Omicron BQ variants dominant in US, last antibody therapies falter
According to the latest modeling from the Centers for Disease Control and Prevention (CDC), a pair of Omicron subvariants (BQ.1 & BQ.1.1) now account for half of all SARS.CoV.2 infections in the United States, swiftly surpassing the previously dominant BA.5 variant. Related new research also indicates our current monoclonal antibody treatments may be ineffective against BQ variants.
Following several months of relative consistency, the BA.5 Omicron subvariant has been swiftly replaced in a matter of six weeks by two new subvariants. BQ.1 and BQ.1.1, descendants of BA.5, were only added to the CDC variant models in early October after being first detected in late August. According to the latest CDC modeling the pair of BQ variants now account for 50% of samples analyzed in the United States. BA.5 is rapidly diminishing from week to week, currently accounting for less than a quarter of infections.
As with most twists in the story of SARS-CoV-2 over the past three years, it's unclear what the emergence of BQ means for the future of the pandemic. Those tracking the specific mutations in the virus indicate these new subvariants are finding novel ways to slip past our pre-existing immunity. But, that doesn't necessarily lead to disastrous new waves of infection and death.
France was one of the first countries to face a major BQ wave in October. And while infections did spike for a short period of time, they quickly leveled off, without any serious increase in hospitalizations.
On top of those epidemiological observations researchers are not seeing major differences in disease severity from BQ subvariants. According to Eric Topol, founder of the Scripps Research Translational Institute, these are all really promising signs that an optimist could interpret as the world traversing the path to COVID becoming endemic.
"Under pressure from prior infections, vaccinations, boosters and combinations of these, the virus is having a harder time finding new hosts," Topol speculated recently on his blog Ground Truths. "You might think that BQ.1.1 would qualify as an acid test and so far its outcome looks far more favorable than initially projected."
Despite BQ.1 and BQ.1.1 not immediately turning into the doomsday variants some hyperbolic commentators have predicted, the story of the pandemic is far from over. BQ is not the end of the line for SARS-CoV-2 mutations. Variant trackers have already detected several extensions of the BQ lineage (BQ.1.1.2, BQ.1.1.8, BQ.1.1.10), as well as other lineages that have converged on similar mutational advantages, such as the recombinant lineage XBB, which has moved past it original form into XBB.1, XBE and XBF variants.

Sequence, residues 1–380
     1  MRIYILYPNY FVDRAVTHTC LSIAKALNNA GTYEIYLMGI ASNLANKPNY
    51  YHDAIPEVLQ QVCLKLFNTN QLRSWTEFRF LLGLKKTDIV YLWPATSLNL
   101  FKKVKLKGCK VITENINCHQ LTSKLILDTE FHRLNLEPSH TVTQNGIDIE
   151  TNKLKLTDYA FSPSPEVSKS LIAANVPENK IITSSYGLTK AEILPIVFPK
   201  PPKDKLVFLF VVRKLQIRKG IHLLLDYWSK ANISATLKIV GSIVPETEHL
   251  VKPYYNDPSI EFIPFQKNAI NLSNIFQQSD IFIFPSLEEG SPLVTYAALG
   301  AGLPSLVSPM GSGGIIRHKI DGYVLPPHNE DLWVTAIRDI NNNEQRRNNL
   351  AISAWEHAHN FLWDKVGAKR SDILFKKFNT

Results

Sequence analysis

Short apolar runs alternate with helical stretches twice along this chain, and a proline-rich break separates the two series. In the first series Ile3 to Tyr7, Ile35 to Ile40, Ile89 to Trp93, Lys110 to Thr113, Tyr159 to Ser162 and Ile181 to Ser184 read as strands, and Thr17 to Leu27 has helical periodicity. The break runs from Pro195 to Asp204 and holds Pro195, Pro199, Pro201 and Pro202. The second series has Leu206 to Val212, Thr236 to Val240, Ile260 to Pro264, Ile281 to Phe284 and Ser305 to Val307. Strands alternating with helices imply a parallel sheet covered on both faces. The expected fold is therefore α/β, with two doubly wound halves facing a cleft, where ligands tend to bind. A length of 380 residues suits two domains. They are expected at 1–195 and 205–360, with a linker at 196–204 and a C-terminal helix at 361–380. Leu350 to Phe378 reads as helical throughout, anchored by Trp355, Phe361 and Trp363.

Some musings on SARS-CoV-2 evolution— Moritz Gerstung (@MoritzGerstung) November 17, 2022
TLDR: The share of the variant zoo increased further with BQ.1* and XBB* at the top.
But there are interesting patterns underneath which can be illustrated by one exotic lineage: CH.1.1.
It’s rare, but it rises as fast as BQ.1.1. Why? pic.twitter.com/arJBGbMgXO
On Twitter, German researcher Moritz Gerstung mused about a newly emerged exotic lineage dubbed CH.1.1. The subvariant is derived from BA.2 but independently acquired the same key mutations seen in BQ.1.1. Gerstung described the appearance of CH.1.1 as a "curious exemplar of convergent evolution" highlighting how predictable the movement of the virus is at the moment.
Although each new recent iteration of Omicron has yet to lead to a major new wave there are still plenty of concerns over the direction the virus is heading. For example, recent research has found BQ variants present significant resistance to our last few monoclonal antibody treatments.
Following the spread of early Omicron variants this year, clinicians were left with just one monoclonal antibody treatment that works: bebtelovimab. A second preventative monoclonal antibody cocktail, called Evushield, has also remained effective. Unlike bebtelovimab, which is administered as a treatment for those already sick with COVID-19, Evushield was developed to prevent infections for up to six months in those most vulnerable to illness.
A correspondence published in The Lancet Infectious Diseases has reported testing all currently clinically used antibodies against emerging Omicron subvariants. The research indicates BQ.1.1 is the first novel Omicron subvariant to show resistance against all current monoclonal antibody treatments. The advice for doctors in regions with high levels of BQ.1.1 transmission is to move quickly to antivirals such as Paxlovid in vulnerable patients instead of relying on these previously effective antibody treatments.
Jeremy Luban, from the Massachusetts Consortium on Pathogen Readiness, said the loss of these two antibody treatments will be felt most by those with weakened immune systems. And the lack of any clinical antibody options right now means all we have left are vaccines and a couple of antiviral therapies.
"If you know anyone who has cancer or is immunocompromised for some other reason, it's pretty scary not having this," Luban said. "It's a big problem."